Racism in porn: influence or imitation?

By James Firkins

Using “Middle Eastern robes,” and set to a soundtrack of Arabic-style music, Conner Habib was ready to participate in a pornographic video that emphasized his heritage to appeal to those on the internet who would find it sexually arousing.

“I knew that part of my identity was being highly eroticized for people who have some type of orientalist idea of what turned them on,” he said. 

Author, porn performer and vice president of the Adult Performer Advocacy Committee in California, Habib has frequently had his ethnicity labeled and marketed in order to gain more views. 

Pornography, at the best of times, is difficult or embarrassing to discuss. Despite its cultural prominence, it seems to avoid open discussion about its issues within the media, according to Robert Jensen, professor in the School of Journalism at the University of Texas, at Austin. 

Porn’s often racist and misogynistic themes, and the most common defense for its extreme content, is that it is not all real. 

“People often say ‘it’s just fantasy.’” Jensen said. “If I made a Hollywood film that is overtly racist, and I was criticized, would anyone think it’s an adequate defense to say ‘well it’s just fantasy?’” 

Unlike Jensen however, Habib said he thinks porn is often held to a higher standard than mainstream public media.

“Essentially, all you’re asking now is ‘does art imitate culture or influence it?’” Habib said. “It’s an old question that, for some reason, when it’s applied to pornography, is supposed to be more responsible than any other art form.” 

The content found in sexually explicit material is indicative of wider societal norms, he said.

“[Society has] a huge cultural problem with how identities are handled in capitalist consumption; we have no idea how to merge identities and markets together,” he said. 

Because of his workers’ rights advocacy and having starred in porn for more than eight years, Habib knows performers in every aspect of the industry, straight and gay, and has witnessed firsthand the inner workings of

the industry.

“There are problems on porn sets just like any other job,” he said. “It’s not significantly different than any other sector. We absorb problems of labor and identity just like any other industry.” 

Racism in pornography extends much further than clichéd depictions of ethnicity, such as Habib’s Middle Eastern shoot, an Asian maid or sexually fierce Latina woman. It also is reflected in wage disparity and the actors’ on-set treatment treated, as well as how they are marketed.

The phrase “interracial porn” is used to describe content that shows two or more people of differing ethnic backgrounds performing together, but it is frequently used within the industry to describe a scene between a black man and a white woman.

These scenes are considered taboo, with many of these white women demanding to be paid more for their time spent on camera performing with a black male co-star. A 2015 Business Insider article, quoting a black male performer who wished to remain anonymous states, “female stars can get $2,000-plus for their first ‘interracial’ scene,’ which is double the rate for a boy-girl scene involving a white partner.”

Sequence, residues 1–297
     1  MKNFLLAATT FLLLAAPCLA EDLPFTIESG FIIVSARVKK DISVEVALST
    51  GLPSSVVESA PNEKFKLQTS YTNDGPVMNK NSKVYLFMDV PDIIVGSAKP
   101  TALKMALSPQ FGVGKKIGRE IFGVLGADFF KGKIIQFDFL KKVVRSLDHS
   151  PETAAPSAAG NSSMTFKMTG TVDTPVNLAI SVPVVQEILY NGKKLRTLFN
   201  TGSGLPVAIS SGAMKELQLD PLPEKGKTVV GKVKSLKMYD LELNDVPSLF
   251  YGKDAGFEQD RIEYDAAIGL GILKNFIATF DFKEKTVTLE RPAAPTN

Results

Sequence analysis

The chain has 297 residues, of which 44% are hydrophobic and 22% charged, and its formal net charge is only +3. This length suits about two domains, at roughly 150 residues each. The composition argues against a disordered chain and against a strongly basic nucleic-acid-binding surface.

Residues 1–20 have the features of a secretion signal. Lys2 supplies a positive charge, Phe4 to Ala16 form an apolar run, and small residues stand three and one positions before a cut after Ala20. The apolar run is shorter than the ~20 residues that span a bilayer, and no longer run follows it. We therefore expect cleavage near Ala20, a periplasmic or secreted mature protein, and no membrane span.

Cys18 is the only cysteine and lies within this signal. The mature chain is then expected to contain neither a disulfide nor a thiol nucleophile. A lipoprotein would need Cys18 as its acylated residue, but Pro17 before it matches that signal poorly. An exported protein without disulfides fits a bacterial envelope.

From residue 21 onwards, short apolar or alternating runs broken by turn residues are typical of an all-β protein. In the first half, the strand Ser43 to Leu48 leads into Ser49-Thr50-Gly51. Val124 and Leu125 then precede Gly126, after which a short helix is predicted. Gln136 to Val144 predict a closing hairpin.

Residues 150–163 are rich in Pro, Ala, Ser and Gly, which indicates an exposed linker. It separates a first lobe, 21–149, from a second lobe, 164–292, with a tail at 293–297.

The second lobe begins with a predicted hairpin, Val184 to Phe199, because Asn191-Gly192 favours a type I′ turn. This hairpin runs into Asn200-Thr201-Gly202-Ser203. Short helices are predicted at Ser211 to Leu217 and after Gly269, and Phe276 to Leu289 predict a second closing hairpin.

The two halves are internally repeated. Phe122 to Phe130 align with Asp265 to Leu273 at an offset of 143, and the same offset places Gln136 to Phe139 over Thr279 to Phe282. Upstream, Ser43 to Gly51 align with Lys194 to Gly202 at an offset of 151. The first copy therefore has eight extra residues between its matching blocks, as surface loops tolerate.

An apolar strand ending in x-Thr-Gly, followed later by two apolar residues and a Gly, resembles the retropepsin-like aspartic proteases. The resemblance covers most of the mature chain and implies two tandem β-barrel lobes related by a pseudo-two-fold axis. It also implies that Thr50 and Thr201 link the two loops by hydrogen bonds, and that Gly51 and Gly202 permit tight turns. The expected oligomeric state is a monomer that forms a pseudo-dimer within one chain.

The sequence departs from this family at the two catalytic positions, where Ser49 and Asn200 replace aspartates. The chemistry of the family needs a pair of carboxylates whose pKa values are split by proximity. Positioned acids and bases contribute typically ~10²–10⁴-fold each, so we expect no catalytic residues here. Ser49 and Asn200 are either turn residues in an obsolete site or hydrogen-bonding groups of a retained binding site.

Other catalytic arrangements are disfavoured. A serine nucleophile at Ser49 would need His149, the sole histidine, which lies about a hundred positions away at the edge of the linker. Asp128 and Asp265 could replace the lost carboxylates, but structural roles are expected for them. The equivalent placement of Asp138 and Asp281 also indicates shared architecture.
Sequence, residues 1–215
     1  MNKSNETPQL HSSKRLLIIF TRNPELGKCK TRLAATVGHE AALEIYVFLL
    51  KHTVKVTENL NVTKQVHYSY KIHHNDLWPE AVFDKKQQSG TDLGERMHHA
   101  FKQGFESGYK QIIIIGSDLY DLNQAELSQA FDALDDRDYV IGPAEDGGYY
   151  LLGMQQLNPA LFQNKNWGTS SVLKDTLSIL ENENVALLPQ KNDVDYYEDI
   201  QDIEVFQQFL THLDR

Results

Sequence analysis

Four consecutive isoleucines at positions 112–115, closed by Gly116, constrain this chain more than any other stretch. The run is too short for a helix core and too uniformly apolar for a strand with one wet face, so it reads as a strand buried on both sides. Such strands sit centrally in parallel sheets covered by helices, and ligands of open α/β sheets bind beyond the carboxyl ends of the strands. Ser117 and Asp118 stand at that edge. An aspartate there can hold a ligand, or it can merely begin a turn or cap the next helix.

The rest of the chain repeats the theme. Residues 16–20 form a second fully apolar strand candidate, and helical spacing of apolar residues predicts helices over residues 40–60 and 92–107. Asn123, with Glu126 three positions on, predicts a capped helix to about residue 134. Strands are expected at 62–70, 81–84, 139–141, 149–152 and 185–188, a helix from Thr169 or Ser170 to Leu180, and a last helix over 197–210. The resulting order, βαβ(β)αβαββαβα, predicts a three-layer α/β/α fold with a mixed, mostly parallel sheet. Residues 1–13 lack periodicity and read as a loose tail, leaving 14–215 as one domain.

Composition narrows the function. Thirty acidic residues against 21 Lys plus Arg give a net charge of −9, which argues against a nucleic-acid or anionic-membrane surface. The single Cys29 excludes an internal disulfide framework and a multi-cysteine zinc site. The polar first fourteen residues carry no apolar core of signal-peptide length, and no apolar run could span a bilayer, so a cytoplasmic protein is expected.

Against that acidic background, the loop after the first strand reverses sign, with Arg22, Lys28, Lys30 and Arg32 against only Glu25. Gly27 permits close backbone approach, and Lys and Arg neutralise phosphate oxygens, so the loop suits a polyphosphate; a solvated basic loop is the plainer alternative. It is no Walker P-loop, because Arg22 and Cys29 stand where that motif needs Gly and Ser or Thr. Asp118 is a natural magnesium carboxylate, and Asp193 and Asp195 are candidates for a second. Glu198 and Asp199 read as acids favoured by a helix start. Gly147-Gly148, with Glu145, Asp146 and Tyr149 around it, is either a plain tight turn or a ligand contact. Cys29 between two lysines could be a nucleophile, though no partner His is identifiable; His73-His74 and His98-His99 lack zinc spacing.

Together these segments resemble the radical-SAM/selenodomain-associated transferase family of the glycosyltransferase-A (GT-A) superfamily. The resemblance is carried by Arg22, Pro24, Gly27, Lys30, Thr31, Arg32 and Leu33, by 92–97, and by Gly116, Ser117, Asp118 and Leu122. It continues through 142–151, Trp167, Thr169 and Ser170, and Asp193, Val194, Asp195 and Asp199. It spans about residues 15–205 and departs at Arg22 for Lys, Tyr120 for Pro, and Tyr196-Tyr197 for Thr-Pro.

It is considered harmful in the industry for an actress’s career to appear onscreen with men of color, as reflected in a study by data journalist Jon Millward published online in 2013. The survey found 87 percent of female porn actresses were willing to “take a facial,” compared with 53 percent who would perform in interracial porn. The study also said that “many women hold out on when they do their first ‘interracial’ scenes until the time and money are right, and interracial scenes are given their own category at [porn] award ceremonies.” 

“The racial politics of the porn industry today mirror those of pop culture in that the majority of the production end of the business is white,” said author, professor and anti-pornography activist Gail Dines in her 2010 book, “Pornland: How Porn Has Hijacked Our Sexuality.” 

This view of white men at the top is hard to deny considering that one of adult entertainment’s largest film studios, Vivid, is owned by Steven Hirsch, and generates an estimated $100 million a year in revenue, according to a 2005 Forbes article. Even so, Jenna Jameson, who is white, is the richest porn star in the world with an estimated net worth of $30 million, according to a Celebrity Net Worth article published in 2013—a position held at the top of a list of almost entirely white actresses, although the two non-white stars in this list are of Asian descent. 

According to Millward’s study, among a sample of 5,000 porn stars, 70.5 percent are Caucasian, 14 percent are black and 5.2 percent are Asian. The study states that “the proportion of each race match the general American population almost exactly, despite the fact that race is still heavily fetishized in porn.” 

“We have an overall problem in our culture of racism, and that bleeds into every kind of marketing possible,” Habib said. “People who are in control of larger companies are often white heterosexual men, so we have to deal with that problem off the board.” 

Jensen, who lectures about the harmful effects of porn, echoed the sentiment, saying porn is squarely in the middle of patriarchy, reflecting the dominant culture. He added that this discussion is not as open as it could be, which needs to be addressed from its root cause.

“It’s largely because [America] simply cannot come to terms with how deeply embedded this misogyny and racism is,” Jensen said. 

The discussion needs to be brought to the forefront of society, which Habib suggests can be achieved by breaking sex taboos.

“In a culture that’s so sex-negative, how do you even know what healthy sex can be?” Habib said. “It’s all condemned. If we have a better and more mature sexual discussion in our culture—porn aside—we would have better practices in porn.”